Hau‘oli Makahiki Hou!


Photo: Leina'ala Ahu Isa

And I just wanted to also say “MAHALO NUI LOA” for your support and faith in me in the Election of 2018. Mahalo! Mahalo! Mahalo!

This article is dated January, 2069… 50 years from now.(OHA: Future Strong) Some thoughts about how OHA must stay strong Onipa’a as we head into this new Horizon of change.

The prophets of an “information economy” will have forgotten basic economics. When something becomes abundant, it also becomes cheap. A world awash in information will be a world in which information has very little market value. With Apps sites being developed every day, and information instantly at our finger tips, it is now “free”!

In general when the economy becomes extremely good at doing something, that activity becomes less rather than more important.

The economic trends that observers in the late 1990s should have expected, but didn’t:

• Soaring land and resource prices. The 1990s, an era of low land and home prices. It is hard to see why anyone thought this situation would continue. The Earth is a finite planet. As 2 billion Asians began to aspire to Western levels of consumption, it set off a scramble for limited supplies of minerals, fossil fuels, and food. China has most of their manufacturing plants in America and 3rd world countries.

When America started alternative energy projects it became clear that natural resources were important for us to protect.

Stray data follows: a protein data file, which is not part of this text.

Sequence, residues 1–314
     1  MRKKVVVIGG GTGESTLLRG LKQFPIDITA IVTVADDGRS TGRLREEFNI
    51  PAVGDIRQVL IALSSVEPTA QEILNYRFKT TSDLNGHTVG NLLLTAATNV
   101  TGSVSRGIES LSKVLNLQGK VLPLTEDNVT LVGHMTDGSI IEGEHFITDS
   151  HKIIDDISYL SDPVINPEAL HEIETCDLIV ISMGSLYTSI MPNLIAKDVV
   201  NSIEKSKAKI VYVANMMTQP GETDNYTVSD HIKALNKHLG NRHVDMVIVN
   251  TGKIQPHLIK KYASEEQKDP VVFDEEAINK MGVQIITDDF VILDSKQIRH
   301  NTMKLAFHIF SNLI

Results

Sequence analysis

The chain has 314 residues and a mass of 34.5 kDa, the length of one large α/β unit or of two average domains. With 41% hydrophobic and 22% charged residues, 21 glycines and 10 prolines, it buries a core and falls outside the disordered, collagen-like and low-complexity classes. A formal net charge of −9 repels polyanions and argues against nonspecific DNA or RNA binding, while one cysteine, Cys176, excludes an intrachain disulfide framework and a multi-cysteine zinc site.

• The environment as property. Our environment is our ‘kuleana.’ The limited carrying capacity of the environment has become the single most important constraint on the average standard of living. The 19th century’s great fortunes were made in industry; the late 20th made in technology. Today’s super-rich are those who own prime land or mineral rights.

The Rebirth of the Big City.

Modern telecommunications had eliminated much of the need for close physical proximity between routine office workers. Today the roads belong mainly to hordes of share-a-ride minivans, driverless autos, efficiently routed by a web of intercommunicating computers. Suburban door-to-door transportation still takes considerably longer than it did when ordinary commuters and shoppers could afford to drive their own cars.

The jobs that flourished in the suburbs were eliminated in vast numbers beginning in the mid-90s. Some white-collar jobs migrated to low-wage countries; others taken over by computers. Jobs that could not be shipped abroad or handled by machines were jobs best done in the middle of dense urban areas served by what is still the most effective mass-transit system yet devised: the elevator. Vertical is the ‘word’ of today as far as work place buildings are concerned.”

True innovation needs to be built at the edge of the organization. Where will OHA be in 2069? Now in 2069, how is the Hawaiian Culture and where are her people?

Fiscal Sustainability will be a Priority this year as well as Transparency. Onipa‘a!

A hui hou, Mālama Pono, Trustee Leina‘ala